Some retirement communities offer access to therapy or counseling if this is something you feel that you need.

Training

Are the staff fully up to date with their qualifications? Do they receive ongoing training?

Transition

If it’s time to move onto the assisted living, the process should be as smooth as possible. Make sure to check out how this transition is managed in your community.

U

Upkeep

How often are the communal areas cleaned? Are they kept up to date? They should be clean, tidy and pleasant to be in.

Utilities

Which utilities are covered in your monthly fees, and which do you have to pay for yourself? You may have to arrange your own Wi-Fi or example.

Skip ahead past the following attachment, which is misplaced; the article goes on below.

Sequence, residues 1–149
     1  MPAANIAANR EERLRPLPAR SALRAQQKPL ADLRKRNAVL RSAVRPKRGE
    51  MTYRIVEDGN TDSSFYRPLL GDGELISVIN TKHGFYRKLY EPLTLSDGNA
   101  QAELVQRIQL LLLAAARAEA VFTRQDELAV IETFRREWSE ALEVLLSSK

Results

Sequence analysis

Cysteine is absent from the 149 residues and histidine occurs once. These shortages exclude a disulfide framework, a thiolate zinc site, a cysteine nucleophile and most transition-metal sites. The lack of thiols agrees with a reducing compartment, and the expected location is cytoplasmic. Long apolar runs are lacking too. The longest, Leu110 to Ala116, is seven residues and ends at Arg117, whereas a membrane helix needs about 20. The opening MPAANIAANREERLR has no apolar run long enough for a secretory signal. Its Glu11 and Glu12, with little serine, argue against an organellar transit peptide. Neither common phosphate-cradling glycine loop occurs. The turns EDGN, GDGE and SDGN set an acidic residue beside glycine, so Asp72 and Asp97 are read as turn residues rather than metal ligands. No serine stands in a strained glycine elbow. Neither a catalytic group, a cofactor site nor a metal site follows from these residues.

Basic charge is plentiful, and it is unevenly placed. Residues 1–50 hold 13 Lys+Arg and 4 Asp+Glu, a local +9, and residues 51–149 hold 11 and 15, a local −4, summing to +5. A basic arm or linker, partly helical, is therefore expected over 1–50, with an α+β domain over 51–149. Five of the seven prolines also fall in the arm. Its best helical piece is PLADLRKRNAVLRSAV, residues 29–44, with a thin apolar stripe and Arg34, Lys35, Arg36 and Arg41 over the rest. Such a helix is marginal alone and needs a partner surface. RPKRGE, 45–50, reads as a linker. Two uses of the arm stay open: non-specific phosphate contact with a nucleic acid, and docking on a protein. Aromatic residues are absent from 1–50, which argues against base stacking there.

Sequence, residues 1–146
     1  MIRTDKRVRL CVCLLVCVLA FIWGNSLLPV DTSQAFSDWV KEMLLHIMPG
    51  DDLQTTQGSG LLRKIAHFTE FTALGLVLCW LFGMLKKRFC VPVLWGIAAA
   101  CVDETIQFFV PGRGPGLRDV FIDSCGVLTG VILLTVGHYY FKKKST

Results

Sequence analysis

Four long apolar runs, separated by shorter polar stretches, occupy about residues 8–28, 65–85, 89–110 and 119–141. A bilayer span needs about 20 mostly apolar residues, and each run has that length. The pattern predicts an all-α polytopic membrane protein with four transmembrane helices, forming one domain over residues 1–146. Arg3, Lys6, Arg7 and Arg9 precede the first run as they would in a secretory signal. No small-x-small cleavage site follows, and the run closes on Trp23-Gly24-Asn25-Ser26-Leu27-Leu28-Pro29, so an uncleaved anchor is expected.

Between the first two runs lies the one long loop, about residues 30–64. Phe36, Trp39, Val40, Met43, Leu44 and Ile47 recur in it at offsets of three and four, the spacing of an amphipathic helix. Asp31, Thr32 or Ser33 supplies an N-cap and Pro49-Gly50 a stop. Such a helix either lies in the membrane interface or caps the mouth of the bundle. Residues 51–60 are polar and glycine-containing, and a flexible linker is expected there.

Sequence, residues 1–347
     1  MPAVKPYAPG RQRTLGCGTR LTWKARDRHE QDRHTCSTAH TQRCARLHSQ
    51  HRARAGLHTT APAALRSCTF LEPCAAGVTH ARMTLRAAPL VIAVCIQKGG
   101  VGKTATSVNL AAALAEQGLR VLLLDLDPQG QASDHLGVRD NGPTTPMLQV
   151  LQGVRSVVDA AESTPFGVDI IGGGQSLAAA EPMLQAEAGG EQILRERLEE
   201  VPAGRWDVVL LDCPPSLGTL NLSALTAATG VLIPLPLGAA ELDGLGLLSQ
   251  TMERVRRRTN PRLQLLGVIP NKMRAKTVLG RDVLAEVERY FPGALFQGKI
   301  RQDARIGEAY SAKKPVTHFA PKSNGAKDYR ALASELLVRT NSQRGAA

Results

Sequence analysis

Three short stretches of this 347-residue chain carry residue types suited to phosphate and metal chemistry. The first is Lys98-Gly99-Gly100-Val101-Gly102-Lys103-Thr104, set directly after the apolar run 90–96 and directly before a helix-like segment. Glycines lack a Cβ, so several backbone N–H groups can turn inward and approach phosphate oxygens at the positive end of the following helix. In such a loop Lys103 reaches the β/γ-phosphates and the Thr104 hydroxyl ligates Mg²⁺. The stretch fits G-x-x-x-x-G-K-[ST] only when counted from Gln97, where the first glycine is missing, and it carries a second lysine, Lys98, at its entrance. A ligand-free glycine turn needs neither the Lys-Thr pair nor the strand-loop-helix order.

V

Vehicles

Is there room for your vehicle? It’s especially important to check this out if you have more than one car or a larger vehicle.

W

Weather

One last point to consider is the climate. Perhaps you love the sun and would enjoy access to beautiful beaches, in which case Florida could be a great option, as it has many retirement communities to choose from. You might prefer the cooler weather, or maybe you enjoy seeing the changing of the seasons. Wherever you choose, there should be a retirement community that suits you.

To sum up…

We hope that you feel prepared for when you start to look for and visit retirement communities. Remember, don’t feel you need to rush into a decision right away – make sure the community you choose for yourself (or for a loved one) is the right fit. It may take some time to settle into life in a retirement community, so go easy on yourself – and enjoy your retirement!